Leadership vs. Management

Posted by marty cagan on June 27, 2015

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I would argue that two of the most importance competencies in building great product organizations, indeed nearly any significant organizational undertaking, are leadership and management.  Yet so few people actually consider what each of these really means.  Many people just lump the two together.  Some think this is what’s taught in MBA programs (it’s not).  And sadly there are many that have never experienced strong leaders or strong managers.

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Product Fail

Posted by marty cagan on June 5, 2015

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NOTE: This article is a narrative version of a talk I’ve given for developers at the Craft Conference and for product managers and designers at Mind The Product.  

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Autonomy vs. Initiatives

Posted by marty cagan on May 8, 2015

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To continue on the series on team autonomy (see autonomy vs. leverage, autonomy vs. mission and autonomy vs. ownership), I wanted to add one more important dimension to this discussion which concerns the practical implications of working on large, multi-team initiatives.  

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Autonomy vs. Ownership

Posted by marty cagan on April 14, 2015

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In my recent articles I have been exploring the critically important but complex topic of autonomy of product teams.  First we discussed the trade-offs between autonomy and leverage, and then we discussed the trade-offs between autonomy and mission.  From your feedback I know this is a subject that is important to many of you, and I realized there was one more dimension to this discussion that I should also put out there, and that has to do with the trade-offs between autonomy and the concept of ownership, especially code ownership.

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Autonomy vs. Mission

Posted by marty cagan on April 6, 2015

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In my last article I discussed the trade-offs between the sometimes conflicting goals of team autonomy versus leverage.  Quite a few of you wrote to me and said this was a hot topic at your company, and several asked about the same basic topic, but less from an engineering perspective and more from a product and design perspective.  This issue comes up enough in different forms that I thought it was worth elaborating on.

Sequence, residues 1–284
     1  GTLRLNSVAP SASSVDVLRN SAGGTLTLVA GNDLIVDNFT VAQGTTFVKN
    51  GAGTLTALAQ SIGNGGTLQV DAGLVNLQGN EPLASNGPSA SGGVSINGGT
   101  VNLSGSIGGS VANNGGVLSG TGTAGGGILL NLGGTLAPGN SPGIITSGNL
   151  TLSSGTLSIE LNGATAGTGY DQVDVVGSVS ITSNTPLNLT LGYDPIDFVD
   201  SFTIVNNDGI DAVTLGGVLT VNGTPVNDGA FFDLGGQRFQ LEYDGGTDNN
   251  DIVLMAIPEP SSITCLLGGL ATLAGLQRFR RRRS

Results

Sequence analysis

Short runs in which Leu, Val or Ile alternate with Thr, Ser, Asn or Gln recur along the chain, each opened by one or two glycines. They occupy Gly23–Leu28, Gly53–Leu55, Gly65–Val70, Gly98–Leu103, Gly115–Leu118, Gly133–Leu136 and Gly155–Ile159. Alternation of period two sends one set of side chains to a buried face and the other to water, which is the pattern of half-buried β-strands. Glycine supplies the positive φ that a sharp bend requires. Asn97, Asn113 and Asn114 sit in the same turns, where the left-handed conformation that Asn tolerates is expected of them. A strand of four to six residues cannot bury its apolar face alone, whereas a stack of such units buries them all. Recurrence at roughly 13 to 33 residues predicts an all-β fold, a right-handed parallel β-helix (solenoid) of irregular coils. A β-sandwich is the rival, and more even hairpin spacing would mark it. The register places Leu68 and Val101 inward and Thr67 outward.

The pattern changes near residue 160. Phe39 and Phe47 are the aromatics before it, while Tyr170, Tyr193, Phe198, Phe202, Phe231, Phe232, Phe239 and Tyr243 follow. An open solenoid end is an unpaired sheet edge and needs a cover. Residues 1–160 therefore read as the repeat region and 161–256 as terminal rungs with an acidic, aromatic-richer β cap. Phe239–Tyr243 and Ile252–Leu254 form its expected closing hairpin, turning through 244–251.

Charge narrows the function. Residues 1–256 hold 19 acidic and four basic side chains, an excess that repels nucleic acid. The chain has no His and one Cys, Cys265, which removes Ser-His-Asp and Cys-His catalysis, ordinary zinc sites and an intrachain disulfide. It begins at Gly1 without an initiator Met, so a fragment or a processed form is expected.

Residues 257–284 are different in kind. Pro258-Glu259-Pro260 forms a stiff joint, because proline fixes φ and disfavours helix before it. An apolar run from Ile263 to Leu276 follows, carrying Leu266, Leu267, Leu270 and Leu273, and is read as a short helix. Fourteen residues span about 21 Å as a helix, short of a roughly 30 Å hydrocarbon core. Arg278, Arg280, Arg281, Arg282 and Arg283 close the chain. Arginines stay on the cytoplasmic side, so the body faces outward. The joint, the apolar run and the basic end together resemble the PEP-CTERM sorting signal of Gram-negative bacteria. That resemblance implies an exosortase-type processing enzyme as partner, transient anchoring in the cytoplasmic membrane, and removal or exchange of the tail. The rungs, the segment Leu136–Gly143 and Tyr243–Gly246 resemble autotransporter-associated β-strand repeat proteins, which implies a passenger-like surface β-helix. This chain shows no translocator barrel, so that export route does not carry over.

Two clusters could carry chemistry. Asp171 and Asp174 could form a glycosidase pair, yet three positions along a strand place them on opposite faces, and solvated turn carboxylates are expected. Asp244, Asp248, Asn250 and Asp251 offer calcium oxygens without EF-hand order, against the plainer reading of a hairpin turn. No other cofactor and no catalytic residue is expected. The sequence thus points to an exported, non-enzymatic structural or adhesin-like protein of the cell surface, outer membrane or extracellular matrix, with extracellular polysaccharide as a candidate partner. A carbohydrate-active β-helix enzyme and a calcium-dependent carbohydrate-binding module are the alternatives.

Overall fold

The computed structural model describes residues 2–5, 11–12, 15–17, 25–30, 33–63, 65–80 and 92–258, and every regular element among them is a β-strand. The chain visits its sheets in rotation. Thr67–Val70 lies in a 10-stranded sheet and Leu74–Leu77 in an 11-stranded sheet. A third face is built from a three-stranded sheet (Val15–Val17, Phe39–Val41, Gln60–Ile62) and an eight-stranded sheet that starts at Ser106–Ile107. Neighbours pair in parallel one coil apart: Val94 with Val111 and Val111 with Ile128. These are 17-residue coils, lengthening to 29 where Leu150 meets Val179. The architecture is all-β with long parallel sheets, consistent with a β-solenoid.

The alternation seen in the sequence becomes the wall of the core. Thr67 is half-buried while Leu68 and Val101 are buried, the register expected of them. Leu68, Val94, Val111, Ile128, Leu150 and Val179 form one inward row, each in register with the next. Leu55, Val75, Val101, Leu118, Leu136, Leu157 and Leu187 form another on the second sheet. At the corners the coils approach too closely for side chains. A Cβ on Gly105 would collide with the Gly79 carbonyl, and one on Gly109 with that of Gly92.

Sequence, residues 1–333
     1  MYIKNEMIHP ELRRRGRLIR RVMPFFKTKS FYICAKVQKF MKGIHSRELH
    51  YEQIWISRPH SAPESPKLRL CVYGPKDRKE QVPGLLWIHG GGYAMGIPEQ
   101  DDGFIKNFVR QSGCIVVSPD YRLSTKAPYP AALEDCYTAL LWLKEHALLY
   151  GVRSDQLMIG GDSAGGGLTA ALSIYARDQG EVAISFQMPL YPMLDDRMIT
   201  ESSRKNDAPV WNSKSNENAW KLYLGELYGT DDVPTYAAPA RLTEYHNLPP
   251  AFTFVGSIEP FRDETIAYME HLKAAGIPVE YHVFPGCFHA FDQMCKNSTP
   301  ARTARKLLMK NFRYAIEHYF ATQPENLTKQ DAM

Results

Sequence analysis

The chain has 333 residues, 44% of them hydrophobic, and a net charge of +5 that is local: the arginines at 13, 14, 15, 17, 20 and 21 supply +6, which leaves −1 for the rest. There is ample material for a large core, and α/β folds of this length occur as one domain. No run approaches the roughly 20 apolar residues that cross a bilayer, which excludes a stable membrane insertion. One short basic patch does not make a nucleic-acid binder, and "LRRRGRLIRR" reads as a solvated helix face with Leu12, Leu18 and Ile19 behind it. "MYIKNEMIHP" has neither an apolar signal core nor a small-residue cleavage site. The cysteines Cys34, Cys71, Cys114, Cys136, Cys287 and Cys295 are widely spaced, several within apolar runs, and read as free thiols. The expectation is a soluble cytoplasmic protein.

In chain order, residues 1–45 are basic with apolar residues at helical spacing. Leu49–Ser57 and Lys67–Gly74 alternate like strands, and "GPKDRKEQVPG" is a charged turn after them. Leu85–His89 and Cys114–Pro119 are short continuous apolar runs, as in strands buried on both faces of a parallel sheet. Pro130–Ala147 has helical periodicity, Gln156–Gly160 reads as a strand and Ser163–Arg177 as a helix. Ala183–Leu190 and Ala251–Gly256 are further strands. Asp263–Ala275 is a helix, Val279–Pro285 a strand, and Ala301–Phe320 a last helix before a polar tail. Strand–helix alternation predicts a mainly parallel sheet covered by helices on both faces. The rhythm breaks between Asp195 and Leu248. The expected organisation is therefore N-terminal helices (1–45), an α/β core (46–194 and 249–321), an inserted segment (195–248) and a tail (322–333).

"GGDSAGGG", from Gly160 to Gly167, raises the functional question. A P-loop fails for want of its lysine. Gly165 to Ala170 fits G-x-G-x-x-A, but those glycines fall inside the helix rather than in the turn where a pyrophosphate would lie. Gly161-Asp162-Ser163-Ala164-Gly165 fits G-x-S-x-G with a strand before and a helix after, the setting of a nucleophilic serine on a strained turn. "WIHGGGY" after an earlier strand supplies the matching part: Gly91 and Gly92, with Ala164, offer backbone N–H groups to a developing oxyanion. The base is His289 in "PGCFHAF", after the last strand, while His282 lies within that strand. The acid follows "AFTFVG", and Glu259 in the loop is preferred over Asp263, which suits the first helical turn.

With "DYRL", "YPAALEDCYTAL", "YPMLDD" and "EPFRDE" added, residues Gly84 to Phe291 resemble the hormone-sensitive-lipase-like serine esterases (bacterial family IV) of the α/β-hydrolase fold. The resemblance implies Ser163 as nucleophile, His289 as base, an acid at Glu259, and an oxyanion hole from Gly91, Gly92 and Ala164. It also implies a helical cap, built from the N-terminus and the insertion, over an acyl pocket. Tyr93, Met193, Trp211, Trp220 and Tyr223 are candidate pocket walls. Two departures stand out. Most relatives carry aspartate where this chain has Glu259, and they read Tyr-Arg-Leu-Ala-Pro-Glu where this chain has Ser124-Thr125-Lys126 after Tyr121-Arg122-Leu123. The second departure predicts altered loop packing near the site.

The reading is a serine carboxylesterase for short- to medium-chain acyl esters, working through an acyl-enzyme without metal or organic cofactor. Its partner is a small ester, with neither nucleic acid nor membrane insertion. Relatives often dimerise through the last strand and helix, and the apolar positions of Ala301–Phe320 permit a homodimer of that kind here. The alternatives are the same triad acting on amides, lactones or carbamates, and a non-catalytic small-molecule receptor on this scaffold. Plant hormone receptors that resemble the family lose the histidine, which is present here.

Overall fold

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Autonomy vs. Leverage

Posted by marty cagan on March 10, 2015

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Virtually every leading tech company has jumped on the empowered, dedicated/durable, cross-functional, collaborative product team bandwagon, and I think things are much better for it.  I don’t see very many companies that are still using the old models (primarily the pool model).

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The Power of Customer Misbehavior

Posted by marty cagan on January 20, 2015

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There are of course many ways to come up with significant new product ideas.  Historically, the two main approaches have been: 1) to try to assess the market opportunities and pick potentially lucrative areas where significant pain exists; and 2) to look at what the technology or data enables – what’s just now possible – and match that up with the significant pain.   You can think of the first as following the market, and the second as following the technology.  Either way can get you to product market fit.

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Shared Learning

Posted by marty cagan on December 12, 2014

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One of the tenets of Product Discovery, Lean UX and Lean Startup methodology in general, is to try and avoid or reduce waste.  Mostly that means tackling the situation where we design, build, test and deploy a solution that fails to meet its objectives.  However, in this article I wanted to focus on another form of waste, one I find particularly frustrating, one that I’ve seen in countless teams, and one that I believe is completely avoidable.

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Establishing a True Product Culture

Posted by marty cagan on October 28, 2014

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In my last article I discussed the differences between an IT Mindset and a Product Mindset.  I must have struck a chord because I heard from so many people, from all over the world, that they were stuck in an “IT Mindset” organization.  Unsurprisingly, their next question was how do they change their organization, or in some cases, their question was around whether it’s possible to change an IT Mindset organization, or do they need to just leave and move to a startup?

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Product vs. IT Mindset

Posted by marty cagan on October 14, 2014

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The role of the product organization is to consistently deliver significant new value to the business through continuous product innovation.  At a startup, the product team either innovates and provides real value or the startup dies.  However, in larger, more established companies, product teams very often lose their ability to deliver that ongoing value. They just make minor optimizations to existing products. Or they continue to turn out more features that don’t make a difference.

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